Endometrial epithelial cells express a specific receptor complex that includes TLR4, CD14 and MD2 to recognize endotoxin from pathogenic bacteria [28, 29]. In particular, LPS is considered to be one of the major virulence factors of endometrial pathogenic E. coli (EnPEC), stimulating a TLR4-dependent inflammatory response in endometrial cells [30, 31]. Upon binding to the ligand LPS, TLR4 recruits its downstream molecules, such as MyD88, IRAKs, and TRAF6, which leads to the activation of NF-κB and the occurrence of inflammatory reaction [32]. On the other hand, excessive inflammation is thought to induce apoptosis and cause tissue damage [21]. Actually, NF-κB activation contributes to cell apoptosis through driving pro-apoptotic p53 signaling [33]. Another study directly reported that LPS stimulates apoptosis by TLR4/NF-κB and p53 pathways in intestinal epithelial cells [34]. It was found that miR-92b decreased the protein levels of TLR4 and p-p65, as well as the production of pro-inflammatory cytokines. Moreover, miR-92b also inhibited the Bax/Bcl2 ratio and prevented cell apoptosis triggered by LPS. These findings indicate that miR-92b alleviates LPS-induced inflammatory injury, possibly by restraining TLR4-mediated NF-κB activation.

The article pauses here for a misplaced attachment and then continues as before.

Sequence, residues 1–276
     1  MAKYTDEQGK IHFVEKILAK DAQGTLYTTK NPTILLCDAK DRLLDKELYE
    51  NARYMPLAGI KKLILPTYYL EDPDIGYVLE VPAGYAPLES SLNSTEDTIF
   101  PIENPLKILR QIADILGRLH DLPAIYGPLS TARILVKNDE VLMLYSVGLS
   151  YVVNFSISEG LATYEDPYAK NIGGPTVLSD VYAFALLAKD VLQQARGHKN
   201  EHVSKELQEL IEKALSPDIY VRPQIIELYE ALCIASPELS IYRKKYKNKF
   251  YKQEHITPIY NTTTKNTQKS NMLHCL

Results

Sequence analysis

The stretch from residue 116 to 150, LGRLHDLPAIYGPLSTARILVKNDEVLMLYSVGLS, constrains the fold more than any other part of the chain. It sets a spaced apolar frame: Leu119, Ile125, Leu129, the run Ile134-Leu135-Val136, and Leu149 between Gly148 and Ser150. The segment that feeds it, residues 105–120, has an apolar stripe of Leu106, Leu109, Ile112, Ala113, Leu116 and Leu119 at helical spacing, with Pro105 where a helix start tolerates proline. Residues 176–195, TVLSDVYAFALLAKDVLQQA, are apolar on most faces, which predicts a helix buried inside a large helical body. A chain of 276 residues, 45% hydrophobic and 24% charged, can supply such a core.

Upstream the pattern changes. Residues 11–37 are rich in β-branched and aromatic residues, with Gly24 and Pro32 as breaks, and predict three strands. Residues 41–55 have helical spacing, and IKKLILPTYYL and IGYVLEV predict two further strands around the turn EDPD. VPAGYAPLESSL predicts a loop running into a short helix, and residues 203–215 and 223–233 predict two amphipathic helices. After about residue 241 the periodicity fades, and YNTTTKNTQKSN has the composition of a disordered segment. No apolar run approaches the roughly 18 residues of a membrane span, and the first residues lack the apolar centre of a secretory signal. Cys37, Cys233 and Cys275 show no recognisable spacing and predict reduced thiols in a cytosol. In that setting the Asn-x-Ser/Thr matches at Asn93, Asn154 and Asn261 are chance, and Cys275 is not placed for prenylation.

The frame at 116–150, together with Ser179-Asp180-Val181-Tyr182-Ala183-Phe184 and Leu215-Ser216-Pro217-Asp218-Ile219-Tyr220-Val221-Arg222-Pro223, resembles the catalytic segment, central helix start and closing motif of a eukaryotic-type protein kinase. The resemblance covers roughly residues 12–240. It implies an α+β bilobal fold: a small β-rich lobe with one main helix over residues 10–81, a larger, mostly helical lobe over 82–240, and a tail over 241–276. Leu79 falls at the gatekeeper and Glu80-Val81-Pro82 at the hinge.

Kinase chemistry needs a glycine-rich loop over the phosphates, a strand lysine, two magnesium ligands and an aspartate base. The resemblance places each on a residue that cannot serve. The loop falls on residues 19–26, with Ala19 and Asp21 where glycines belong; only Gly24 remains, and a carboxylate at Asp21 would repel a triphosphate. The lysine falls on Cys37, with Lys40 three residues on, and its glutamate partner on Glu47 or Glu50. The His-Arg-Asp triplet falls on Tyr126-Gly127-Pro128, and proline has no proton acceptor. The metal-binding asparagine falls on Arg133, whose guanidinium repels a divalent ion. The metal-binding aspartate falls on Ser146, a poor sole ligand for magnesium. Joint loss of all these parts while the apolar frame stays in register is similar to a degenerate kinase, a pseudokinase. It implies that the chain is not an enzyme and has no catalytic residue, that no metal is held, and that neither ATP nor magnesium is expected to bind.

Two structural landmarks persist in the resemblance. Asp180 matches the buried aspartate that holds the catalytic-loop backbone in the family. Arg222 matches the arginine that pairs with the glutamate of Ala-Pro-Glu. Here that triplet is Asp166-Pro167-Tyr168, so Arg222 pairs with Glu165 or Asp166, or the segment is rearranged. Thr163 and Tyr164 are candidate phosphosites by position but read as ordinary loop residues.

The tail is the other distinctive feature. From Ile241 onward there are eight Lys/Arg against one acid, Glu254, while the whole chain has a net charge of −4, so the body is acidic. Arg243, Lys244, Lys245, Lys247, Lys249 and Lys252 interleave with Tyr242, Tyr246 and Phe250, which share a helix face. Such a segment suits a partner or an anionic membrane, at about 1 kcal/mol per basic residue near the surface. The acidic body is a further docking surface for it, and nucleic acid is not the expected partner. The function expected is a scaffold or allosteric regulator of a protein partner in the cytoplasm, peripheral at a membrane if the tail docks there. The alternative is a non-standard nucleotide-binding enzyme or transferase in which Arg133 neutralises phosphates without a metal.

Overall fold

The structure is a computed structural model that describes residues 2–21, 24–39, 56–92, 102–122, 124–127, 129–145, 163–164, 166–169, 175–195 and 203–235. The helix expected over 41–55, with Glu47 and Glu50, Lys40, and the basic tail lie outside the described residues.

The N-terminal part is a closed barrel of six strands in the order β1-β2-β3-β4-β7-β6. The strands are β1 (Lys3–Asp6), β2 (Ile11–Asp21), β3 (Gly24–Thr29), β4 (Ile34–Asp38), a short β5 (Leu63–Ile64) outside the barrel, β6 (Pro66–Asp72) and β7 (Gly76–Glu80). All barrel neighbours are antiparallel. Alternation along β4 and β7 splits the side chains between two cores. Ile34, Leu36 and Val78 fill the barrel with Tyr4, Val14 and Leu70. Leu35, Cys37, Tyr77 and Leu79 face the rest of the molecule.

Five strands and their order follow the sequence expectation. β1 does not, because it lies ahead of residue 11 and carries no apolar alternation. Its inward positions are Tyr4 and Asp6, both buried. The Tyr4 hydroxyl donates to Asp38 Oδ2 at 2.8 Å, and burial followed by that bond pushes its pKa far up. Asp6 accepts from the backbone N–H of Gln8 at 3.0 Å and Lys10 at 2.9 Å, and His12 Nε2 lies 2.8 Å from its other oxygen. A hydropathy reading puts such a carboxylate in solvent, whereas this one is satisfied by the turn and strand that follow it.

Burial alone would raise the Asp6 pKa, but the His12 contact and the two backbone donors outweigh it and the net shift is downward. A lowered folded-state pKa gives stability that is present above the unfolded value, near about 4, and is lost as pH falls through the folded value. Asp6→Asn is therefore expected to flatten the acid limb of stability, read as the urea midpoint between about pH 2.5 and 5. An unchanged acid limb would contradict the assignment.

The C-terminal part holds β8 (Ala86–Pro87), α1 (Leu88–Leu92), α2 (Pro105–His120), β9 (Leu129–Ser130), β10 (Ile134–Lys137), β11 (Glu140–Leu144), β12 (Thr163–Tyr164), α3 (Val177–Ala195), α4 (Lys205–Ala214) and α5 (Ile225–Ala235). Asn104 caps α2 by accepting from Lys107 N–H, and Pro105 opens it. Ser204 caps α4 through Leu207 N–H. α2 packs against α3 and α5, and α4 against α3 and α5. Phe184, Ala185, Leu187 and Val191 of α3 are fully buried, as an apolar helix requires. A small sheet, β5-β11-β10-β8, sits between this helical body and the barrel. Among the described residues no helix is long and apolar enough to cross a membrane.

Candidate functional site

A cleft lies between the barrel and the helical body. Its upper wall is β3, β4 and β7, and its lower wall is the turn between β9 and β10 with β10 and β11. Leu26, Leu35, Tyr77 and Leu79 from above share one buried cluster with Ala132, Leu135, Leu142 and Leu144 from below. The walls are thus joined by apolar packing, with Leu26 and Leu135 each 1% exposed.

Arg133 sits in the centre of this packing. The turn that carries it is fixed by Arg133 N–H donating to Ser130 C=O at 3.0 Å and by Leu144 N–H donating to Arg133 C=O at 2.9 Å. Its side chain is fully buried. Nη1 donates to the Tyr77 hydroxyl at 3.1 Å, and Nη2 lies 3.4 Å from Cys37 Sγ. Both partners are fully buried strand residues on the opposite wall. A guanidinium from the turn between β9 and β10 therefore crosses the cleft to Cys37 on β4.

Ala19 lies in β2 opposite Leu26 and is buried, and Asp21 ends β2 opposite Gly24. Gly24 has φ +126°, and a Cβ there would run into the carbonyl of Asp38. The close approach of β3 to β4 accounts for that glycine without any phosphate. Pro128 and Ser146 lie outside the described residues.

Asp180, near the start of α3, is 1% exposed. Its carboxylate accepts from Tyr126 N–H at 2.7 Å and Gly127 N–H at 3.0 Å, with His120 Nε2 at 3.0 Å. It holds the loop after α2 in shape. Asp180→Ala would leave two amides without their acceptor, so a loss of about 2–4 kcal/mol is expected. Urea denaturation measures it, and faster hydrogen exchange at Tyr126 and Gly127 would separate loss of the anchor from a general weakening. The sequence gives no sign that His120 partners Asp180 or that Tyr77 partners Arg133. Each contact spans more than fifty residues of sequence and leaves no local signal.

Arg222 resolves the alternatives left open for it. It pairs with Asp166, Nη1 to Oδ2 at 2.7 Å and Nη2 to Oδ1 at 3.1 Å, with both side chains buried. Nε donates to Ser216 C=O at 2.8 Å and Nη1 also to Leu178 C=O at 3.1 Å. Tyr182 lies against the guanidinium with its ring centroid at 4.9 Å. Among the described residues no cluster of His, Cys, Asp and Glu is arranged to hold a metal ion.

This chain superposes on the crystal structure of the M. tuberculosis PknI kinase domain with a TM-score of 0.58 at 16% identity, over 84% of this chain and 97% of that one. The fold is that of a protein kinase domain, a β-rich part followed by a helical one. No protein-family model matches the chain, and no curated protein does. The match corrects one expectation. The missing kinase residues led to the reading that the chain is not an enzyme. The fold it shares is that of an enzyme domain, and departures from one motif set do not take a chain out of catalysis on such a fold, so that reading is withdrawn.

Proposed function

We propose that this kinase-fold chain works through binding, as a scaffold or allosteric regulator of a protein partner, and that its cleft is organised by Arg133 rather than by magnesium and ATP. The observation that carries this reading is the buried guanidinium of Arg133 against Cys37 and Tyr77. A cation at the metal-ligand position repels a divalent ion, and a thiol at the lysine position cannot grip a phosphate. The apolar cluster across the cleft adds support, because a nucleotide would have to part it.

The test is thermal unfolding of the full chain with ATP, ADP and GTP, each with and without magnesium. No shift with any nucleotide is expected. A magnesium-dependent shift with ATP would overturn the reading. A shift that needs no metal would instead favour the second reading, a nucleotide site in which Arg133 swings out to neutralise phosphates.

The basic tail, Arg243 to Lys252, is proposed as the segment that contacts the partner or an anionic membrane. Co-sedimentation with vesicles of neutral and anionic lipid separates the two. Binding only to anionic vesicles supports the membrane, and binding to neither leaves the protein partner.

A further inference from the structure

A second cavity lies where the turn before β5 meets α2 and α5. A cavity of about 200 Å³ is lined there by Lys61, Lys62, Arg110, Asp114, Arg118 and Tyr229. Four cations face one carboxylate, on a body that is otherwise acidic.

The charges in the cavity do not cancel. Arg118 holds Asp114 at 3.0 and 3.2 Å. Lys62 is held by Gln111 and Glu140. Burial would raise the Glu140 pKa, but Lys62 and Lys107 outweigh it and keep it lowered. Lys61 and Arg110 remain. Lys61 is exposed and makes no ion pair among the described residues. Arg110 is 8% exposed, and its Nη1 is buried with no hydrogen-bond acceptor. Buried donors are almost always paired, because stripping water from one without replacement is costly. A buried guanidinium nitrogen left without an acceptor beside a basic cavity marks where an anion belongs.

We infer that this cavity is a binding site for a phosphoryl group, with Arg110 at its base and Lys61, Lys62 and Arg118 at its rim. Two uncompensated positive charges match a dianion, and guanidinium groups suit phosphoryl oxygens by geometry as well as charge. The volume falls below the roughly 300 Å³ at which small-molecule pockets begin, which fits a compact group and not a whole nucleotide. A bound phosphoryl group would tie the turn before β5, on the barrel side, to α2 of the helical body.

Emerging evidence showed that some miRNAs can act as negative feedback modulators of inflammatory processes through targeting some signaling proteins [13]. In the present study, prediction of miR-92b/mRNAs by several databases did not reveal targets in the TLR4 or NF-κB, which indicated that other targets may be involved in the regulation of the TLR4/NF-κB pathway by miR-92b. Intriguingly, KEGG analysis revealed that most of the target genes of miR-92b were enriched in the PI3K/AKT pathway. PI3K/AKT is an important signal pathway, which is closely related to cell apoptosis and inflammation. For instance, PI3K protects neurons from hydrogen peroxide-induced cell death through AKT-mediated anti-inflammatory and anti-apoptotic effects [35]. β-catenin is an essential component of the PI3K/AKT pathway, which enters the nucleus to regulate the transcriptional activation of downstream target genes upon activation [23]. It has been reported that the activation of β-catenin inhibits cigarette-induced airway inflammation through the PPARδ/p38 pathway [36]. Here, we observed that overexpression of miR-92b activated the PI3K/AKT/β-catenin pathway that was suppressed by LPS stimulation, and this effect was significantly reversed after PI3K inhibition. Importantly, PI3K inhibition also blocked the inhibitory effects of miR-92b on the TLR4, NF-κB and cell apoptosis. Indeed, PI3K/AKT has been shown to negatively regulate the NF-κB activation and inhibit myocardial injury in septic septic mice [37]. Furthermore, we also found that overexpression of β-catenin dampened the activation of TLR4 and NF-κB and reduced cell apoptosis, illustrating that miR-92b suppresses LPS-induced activation of TLR4/NF-κB via activating the PI3K/AKT/β-catenin pathway.